NASSP (National Association of Secondary School Principals) is the leading organization of and national voice for middle level and high school principals, assistant principals, and all school leaders from across the United States and more than 38 countries around the world. The association provides research-based professional development and resources, networking, and advocacy to build the capacity of middle level and high school leaders to continually improve student performance. Reflecting its longstanding commitment to student leadership development as well, NASSP administers the National Honor Society™, National Junior Honor Society®, National Elementary Honor Society®, and National Association of Student Councils®. For more information about NASSP, located in Reston, VA, visit www.nassp.org.
The Prudential Spirit of Community Awards is a nationwide youth volunteer recognition program sponsored by Prudential Financial in partnership with the National Association of Secondary School Principals (NASSP).
“We commend these honorees not only for the impact of their service and their spirit of giving, but also for inspiring others to consider that they can make a difference, too,” said John Strangfeld, chairman and CEO of Prudential Financial, Inc. “We congratulate this extraordinary group of youth volunteers.”
“These students are fine examples of what is possible when young people roll up their sleeves and commit themselves to helping others,” said Denise Greene-Wilkinson, president of NASSP. “They have learned early that their contributions can make a real difference, and there is no limit to the great things they can achieve.”
Other Recognized Youth Volunteers
In addition to Michael-Logan and Brittany Amano, the other 2013 National Honorees are:
Allyson Ahlstrom, 17, of Santa Rosa, Calif., a senior at Cardinal Newman High School, created a full-service clothing boutique that has allowed 250 girls in need to each pick out two brand-new outfits for free over the past three years.
Emma Astrike-Davis, 16, of Durham, N.C., a junior at Cary Academy, founded a program five years ago that has recruited hundreds of students in several schools to create more than 1,000 pieces of art for terminally ill patients in hospice centers, nursing homes and VA hospitals.
Zachary Certner, 17, of Morristown, N.J., a junior at Morristown High School, co-founded a nonprofit organization that conducts free sports clinics for children with special needs, along with sensitivity training to help other students understand the challenges they face.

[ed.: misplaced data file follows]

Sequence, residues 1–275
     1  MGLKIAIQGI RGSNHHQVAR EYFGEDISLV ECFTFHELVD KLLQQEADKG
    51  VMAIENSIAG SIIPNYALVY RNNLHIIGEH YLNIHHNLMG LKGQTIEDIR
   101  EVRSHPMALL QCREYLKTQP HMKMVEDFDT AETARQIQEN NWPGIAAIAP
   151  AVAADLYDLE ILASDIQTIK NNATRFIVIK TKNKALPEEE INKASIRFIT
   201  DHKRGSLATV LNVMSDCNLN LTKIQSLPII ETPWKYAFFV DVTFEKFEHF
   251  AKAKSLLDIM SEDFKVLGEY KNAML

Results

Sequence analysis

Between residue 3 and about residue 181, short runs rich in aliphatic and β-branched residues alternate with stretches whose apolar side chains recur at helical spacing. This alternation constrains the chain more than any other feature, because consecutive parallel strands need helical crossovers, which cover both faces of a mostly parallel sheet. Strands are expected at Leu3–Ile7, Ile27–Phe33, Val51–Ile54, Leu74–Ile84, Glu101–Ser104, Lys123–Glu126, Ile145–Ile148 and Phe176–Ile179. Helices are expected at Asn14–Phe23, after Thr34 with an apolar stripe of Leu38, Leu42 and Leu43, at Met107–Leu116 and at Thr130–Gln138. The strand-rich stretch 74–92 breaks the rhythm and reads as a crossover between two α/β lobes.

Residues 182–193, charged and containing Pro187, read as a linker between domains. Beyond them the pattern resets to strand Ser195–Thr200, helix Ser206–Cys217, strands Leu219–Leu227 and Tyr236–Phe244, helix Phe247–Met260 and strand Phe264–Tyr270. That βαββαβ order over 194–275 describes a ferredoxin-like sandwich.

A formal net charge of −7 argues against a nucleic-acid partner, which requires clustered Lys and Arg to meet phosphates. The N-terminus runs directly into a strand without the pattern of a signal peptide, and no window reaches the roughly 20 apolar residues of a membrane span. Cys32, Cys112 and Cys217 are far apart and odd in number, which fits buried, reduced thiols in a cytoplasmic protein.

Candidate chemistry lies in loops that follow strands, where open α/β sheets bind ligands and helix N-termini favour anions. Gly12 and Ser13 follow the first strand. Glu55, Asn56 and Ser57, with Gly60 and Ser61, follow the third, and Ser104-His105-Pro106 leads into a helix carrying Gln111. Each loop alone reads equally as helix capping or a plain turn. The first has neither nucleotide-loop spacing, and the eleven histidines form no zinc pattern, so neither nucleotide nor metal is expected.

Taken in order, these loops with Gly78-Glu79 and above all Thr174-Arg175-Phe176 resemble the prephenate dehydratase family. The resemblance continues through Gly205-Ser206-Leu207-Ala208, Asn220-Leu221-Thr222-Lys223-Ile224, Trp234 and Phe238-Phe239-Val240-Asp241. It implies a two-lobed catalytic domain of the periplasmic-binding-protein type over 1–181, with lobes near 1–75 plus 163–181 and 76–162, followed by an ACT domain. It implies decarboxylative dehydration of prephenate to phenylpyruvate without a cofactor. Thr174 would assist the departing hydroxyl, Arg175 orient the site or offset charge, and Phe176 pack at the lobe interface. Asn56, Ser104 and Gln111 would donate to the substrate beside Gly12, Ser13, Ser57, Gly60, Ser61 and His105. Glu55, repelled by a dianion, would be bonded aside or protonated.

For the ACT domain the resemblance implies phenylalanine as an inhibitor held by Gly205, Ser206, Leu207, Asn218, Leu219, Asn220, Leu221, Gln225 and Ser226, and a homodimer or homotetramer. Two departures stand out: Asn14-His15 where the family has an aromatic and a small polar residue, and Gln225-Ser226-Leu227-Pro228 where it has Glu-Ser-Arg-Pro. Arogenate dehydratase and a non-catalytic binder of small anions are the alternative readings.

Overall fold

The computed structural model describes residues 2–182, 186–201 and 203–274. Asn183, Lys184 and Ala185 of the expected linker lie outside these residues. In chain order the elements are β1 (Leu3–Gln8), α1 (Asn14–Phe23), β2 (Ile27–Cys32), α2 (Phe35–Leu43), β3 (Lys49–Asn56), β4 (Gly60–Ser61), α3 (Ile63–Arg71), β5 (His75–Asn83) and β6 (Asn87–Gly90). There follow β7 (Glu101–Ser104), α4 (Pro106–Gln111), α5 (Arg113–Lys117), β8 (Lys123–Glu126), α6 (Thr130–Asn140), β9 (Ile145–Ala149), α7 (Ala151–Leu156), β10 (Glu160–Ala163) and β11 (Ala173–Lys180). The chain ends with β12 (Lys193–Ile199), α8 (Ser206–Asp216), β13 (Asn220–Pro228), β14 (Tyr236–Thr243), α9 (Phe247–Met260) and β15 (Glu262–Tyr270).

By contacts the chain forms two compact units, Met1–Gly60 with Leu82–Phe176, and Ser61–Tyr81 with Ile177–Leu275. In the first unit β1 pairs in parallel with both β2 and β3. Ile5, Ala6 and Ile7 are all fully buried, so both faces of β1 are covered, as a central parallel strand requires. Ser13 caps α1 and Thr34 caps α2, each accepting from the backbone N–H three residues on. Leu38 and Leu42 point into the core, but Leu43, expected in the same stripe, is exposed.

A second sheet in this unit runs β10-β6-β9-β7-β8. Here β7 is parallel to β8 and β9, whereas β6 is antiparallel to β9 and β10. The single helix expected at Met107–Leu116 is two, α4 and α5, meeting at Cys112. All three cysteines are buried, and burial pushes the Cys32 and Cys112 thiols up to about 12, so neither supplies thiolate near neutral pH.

Erica LeMere, 14 of Shreveport, La. an eighth-grader at Caddo Parish Middle Magnet School, founded “Erica’s Wish,” a nonprofit foundation that has donated more than $5,000 worth of clothing, books and other items to young patients at a local psychiatric facility.
Louie McGee, 12, of St. Paul, Minn., a sixth-grader at Highland Catholic School, leads a team that has raised more than $40,000 over the past six years by participating in an annual fundraising walk to fight diseases that cause blindness, like the one that afflicts him.
Virginia Newsome, 17, of Lexington, Ky., a senior at Lafayette High School, created a nonprofit organization in 2011 that has donated $50,000 worth of visual and performing arts supplies to schools that cannot afford them.
Teagan Stedman, 13, of Thousand Oaks, Calif., a seventh-grader at Harvard-Westlake School, organized a series of music events and other activities that raised more than $70,000 for pediatric cancer research.
Cassie Wang, 17, of Lenexa, Kan., a senior at Olathe Northwest High School, leveraged her golf skills to raise money for the rebuilding of homes and businesses in Joplin, Mo. after the devastating tornado that struck that city in 2011, and then chaired three blood drives in her community and launched a student-run nonprofit to benefit disaster victims both in Joplin and in China.
Joshua Williams, 12, of Miami Beach, Fla., a seventh-grader at Ransom Everglades School, created a foundation that has distributed more than 475,000 pounds of food to families in need throughout South Florida.